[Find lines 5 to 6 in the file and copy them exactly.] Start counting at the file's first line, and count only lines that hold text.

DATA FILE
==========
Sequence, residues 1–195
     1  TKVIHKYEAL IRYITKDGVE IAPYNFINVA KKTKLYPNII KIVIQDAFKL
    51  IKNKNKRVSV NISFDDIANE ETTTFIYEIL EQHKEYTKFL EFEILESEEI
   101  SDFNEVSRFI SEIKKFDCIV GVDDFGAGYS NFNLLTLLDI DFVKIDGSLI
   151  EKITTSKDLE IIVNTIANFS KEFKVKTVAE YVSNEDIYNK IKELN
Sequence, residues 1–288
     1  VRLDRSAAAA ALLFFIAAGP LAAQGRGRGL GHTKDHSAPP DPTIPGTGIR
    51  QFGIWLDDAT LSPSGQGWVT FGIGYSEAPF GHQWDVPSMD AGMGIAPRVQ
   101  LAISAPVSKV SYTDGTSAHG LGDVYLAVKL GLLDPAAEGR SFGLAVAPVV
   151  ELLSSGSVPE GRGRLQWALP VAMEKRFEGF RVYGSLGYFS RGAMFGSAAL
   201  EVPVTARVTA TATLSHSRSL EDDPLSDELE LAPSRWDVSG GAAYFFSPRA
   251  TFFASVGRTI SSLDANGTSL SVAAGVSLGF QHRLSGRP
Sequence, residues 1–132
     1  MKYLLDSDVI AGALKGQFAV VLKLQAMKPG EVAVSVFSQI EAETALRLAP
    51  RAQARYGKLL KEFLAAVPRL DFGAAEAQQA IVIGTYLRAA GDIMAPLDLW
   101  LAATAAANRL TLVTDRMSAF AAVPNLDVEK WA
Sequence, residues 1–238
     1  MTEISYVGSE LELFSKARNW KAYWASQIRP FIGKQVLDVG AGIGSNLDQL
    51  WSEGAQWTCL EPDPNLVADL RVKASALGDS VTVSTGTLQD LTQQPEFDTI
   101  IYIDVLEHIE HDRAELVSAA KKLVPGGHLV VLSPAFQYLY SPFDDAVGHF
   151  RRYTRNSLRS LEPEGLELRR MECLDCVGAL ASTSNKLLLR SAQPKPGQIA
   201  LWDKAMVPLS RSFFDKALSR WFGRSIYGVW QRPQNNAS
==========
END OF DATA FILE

   151  EKITTSKDLE IIVNTIANFS KEFKVKTVAE YVSNEDIYNK IKELN
Sequence, residues 1–288